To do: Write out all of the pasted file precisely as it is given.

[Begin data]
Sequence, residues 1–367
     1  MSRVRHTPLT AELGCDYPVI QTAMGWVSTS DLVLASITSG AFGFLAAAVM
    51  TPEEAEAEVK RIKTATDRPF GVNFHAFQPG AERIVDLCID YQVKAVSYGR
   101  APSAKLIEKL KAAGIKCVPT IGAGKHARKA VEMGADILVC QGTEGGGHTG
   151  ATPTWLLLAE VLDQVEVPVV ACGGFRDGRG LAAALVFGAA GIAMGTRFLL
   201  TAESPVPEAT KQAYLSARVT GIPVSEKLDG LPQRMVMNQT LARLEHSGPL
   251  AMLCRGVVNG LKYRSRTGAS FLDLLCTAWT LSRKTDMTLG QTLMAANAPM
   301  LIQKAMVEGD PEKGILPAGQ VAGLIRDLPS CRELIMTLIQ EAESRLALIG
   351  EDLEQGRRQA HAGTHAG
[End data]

Sequence, residues 1–367
     1  MSRVRHTPLT AELGCDYPVI QTAMGWVSTS DLVLASITSG AFGFLAAAVM
    51  TPEEAEAEVK RIKTATDRPF GVNFHAFQPG AERIVDLCID YQVKAVSYGR
   101  APSAKLIEKL KAAGIKCVPT IGAGKHARKA VEMGADILVC QGTEGGGHTG
   151  ATPTWLLLAE VLDQVEVPVV ACGGFRDGRG LAAALVFGAA GIAMGTRFLL
   201  TAESPVPEAT KQAYLSARVT GIPVSEKLDG LPQRMVMNQT LARLEHSGPL
   251  AMLCRGVVNG LKYRSRTGAS FLDLLCTAWT LSRKTDMTLG QTLMAANAPM
   301  LIQKAMVEGD PEKGILPAGQ VAGLIRDLPS CRELIMTLIQ EAESRLALIG
   351  EDLEQGRRQA HAGTHAG